It’s cold this week in New England and like everyone else, I am waiting (impatiently) for spring to make up its mind.
Meanwhile, April fool! Snowstorm in our immediate future! But I’m staying tuned. Those fickle weather gods are at it again. I'm taking a wait-and-see attitude.
While I'm cooling my heels, I am counting my blessings. This slow segue into spring allows me to do the following:
1) Procrastinate garden cleanup (justified for another week or so.)
2) Procrastinate cleaning study (it is too cold in there.)
3) Close door to study until the weather warms up, so I can….
4) Ignore tornado-like mess I created in attempt to organize study.
5) Procrastinate grocery shopping (justified by a freezer full of soup.)
ust to keep me on my toes, I’m going to make this easy bread to eat with my soup. It’s a version of Irish soda bread. I was going to make it for St. Patrick’s Day, but just like the arrival of spring, I procrastinated.
A general method for making soda breads and scones:
Stir flour, baking powder and salt together and rub in butter pieces until mixture resembles coarse breadcrumbs
Add and mix in additional dry ingredients, such as raisins, currants, seeds, or grated cheese.
Pour in the liquid, in this case, buttermilk.
Stir together to form a dough.
Plop the dough onto a greased or parchment-lined baking sheet.
Use your floured hands to shape it into a flat round.
Make a deep cross in the bread and prick it four times in the triangles created by the cross to ‘let the fairies out,' as my Irish grandmother might say. If you are making scones, cut the round in eight triangular wedges and separate them on the baking sheet.
Brush with cream or buttermilk.
Sprinkle with toppings.
Irish oatmeal bread with cheddar and pumpkin seeds
Makes 1 round loaf
3 ounces grated sharp cheddar, about 1 1/4 cups
3 tablespoons pumpkin seeds
1 cup whole-wheat flour
1 cup all-purpose flour
1/2 cup steel-cut oats
3/4 teaspoon baking soda
1 teaspoon salt
2 tablespoons unsalted butter, cut in small pieces
2 tablespoons flax seeds
1 1/4 cups buttermilk plus 1 tablespoon for the top of the bread
Extra buttermilk to glaze the bread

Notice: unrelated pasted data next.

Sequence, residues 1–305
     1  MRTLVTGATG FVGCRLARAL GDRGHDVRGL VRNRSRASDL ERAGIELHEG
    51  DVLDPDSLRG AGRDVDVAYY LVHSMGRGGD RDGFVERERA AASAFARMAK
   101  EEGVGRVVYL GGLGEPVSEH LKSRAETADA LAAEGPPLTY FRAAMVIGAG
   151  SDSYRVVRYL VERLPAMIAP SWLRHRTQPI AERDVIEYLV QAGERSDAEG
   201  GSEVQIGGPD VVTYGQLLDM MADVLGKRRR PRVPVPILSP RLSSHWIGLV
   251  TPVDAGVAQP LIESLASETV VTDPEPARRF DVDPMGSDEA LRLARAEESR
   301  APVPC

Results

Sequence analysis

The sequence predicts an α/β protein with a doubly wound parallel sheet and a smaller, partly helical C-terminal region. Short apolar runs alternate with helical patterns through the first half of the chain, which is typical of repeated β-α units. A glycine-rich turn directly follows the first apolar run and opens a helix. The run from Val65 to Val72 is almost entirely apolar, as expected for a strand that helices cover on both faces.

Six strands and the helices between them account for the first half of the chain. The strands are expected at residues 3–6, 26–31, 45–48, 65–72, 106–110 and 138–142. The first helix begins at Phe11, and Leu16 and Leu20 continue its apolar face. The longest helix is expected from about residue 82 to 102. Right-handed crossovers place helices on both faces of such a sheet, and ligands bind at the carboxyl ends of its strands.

1. Heat the oven to 425 degrees F. Line a baking sheet with parchment. Set aside 2 tablespoons of the grated cheese and 1 rounded teaspoon of the pumpkin seeds for the top of the bread.
2. Whisk the whole-wheat flour, all-purpose flour, oats, baking soda and salt together in a large bowl until combined. Add the butter pieces and rub them into the dry ingredients with the tips of your fingers until the mixture resembles coarse breadcrumbs. Stir in the remaining grated cheese, the remaining pumpkin seeds and all of the flax seeds into the dry ingredients.
3. Make a well in the center and pour in the buttermilk. Stir with a rubber spatula just until the mixture comes together; don’t overmix. Use the spatula to form the dough into a round piece as best as possible. The dough will be quite sticky, so don’t fret if it is not a perfect round ball.
4. Turn the lump of dough onto the parchment lined baking sheet. Dust your hands with a little flour and pat it into a 7-inch round, flat shape. Use a sharp knife to cut a 1-inch deep cross on top of the dough. Prick the center of each of the four triangles created by the cross with the point of a paring knife.
5. Brush the top of the loaf with buttermilk. Sprinkle the reserved grated cheese and pumpkin seeds over the top.
6. Bake for 10 minutes, then decrease the heat to 400 degrees F. Bake for an additional 15 to 20 minutes, or until the top is golden and the bottom of the loaf sounds hollow when you tap it. (Total baking time is 25 to 30 minutes.) Cool on a rack before slicing. The bread is best eaten on the same day it is baked, but it makes delicious toast for a day or two more.